Elaine O’Hare and Grace Merry discuss the challenges of protecting scents under intellectual property rights
When you detect the “combination of a sweet, slightly musky, vanilla-like fragrance, with slight overtones of cherry and the natural smell of a salted, wheat-based dough” does it evoke nostalgic childhood memories of moulding whimsical creations out of Play-Doh?
There’s a distinct possibility it does – and that is why Hasbro has recently filed an application to register the scent of Play-Doh as a trademark in the US, aiming to protect it as a well-known and recognisable scent. And if someone walks past you in the street and you identify a “scent of aldehydic-floral fragrance product… an elegant floral fragrance… and a sensual feminine note” surely you immediately recognise Chanel No.5?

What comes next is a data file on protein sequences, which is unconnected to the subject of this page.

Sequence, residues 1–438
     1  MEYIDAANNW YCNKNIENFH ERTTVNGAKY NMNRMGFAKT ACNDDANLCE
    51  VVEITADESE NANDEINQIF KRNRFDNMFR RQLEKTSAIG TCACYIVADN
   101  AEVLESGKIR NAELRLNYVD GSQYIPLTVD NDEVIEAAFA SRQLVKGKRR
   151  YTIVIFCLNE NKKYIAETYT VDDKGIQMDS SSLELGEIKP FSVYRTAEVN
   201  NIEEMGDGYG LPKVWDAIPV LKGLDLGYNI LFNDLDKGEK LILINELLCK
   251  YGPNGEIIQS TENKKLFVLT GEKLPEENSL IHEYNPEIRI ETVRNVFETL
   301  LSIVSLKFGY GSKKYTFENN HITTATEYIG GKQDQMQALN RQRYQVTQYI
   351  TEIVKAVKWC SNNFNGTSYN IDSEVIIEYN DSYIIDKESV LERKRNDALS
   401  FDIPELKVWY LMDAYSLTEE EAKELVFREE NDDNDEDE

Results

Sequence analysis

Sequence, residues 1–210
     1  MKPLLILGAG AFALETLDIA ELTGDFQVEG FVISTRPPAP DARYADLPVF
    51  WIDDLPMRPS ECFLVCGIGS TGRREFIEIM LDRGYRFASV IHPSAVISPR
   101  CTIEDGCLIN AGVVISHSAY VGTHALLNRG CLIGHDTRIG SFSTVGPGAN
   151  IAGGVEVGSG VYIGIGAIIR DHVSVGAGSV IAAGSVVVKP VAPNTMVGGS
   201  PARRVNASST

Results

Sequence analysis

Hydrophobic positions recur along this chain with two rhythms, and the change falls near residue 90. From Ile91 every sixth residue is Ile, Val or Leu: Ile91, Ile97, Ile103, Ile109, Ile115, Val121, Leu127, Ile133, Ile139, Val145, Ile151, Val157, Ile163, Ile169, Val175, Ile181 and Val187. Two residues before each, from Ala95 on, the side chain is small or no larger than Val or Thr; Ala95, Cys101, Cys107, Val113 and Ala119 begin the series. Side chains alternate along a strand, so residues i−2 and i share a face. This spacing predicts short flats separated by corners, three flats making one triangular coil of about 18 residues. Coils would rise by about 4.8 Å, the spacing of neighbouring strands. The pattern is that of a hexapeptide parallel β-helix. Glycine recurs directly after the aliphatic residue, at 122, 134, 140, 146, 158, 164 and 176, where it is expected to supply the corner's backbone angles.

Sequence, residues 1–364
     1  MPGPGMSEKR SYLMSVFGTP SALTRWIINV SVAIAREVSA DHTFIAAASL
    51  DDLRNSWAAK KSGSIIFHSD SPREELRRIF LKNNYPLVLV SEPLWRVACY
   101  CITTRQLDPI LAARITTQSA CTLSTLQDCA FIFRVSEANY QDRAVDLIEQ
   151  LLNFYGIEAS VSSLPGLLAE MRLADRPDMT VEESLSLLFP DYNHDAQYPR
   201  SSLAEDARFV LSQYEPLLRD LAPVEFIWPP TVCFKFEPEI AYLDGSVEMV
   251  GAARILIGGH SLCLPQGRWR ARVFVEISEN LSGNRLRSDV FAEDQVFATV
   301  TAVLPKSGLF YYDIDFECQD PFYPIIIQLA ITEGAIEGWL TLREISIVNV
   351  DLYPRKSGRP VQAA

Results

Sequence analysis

So why isn’t it on the trademark register? This article will consider some of the challenges of registering scent trademarks and how intellectual property law may be used to protect the unique fragrance of a perfume.
Toy giant Hasbro claims that for over six decades the iconic scent . . .
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